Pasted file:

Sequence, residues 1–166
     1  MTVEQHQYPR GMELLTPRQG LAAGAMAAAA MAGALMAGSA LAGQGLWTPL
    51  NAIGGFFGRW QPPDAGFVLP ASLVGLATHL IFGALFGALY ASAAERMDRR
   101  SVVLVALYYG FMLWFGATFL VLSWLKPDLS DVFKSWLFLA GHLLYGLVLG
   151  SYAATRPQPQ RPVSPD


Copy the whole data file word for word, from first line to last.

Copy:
Sequence, residues 1–166
     1  MTVEQHQYPR GMELLTPRQG LAAGAMAAAA MAGALMAGSA LAGQGLWTPL
    51  NAIGGFFGRW QPPDAGFVLP ASLVGLATHL IFGALFGALY ASAAERMDRR
   101  SVVLVALYYG FMLWFGATFL VLSWLKPDLS DVFKSWLFLA GHLLYGLVLG
   151  SYAATRPQPQ RPVSPD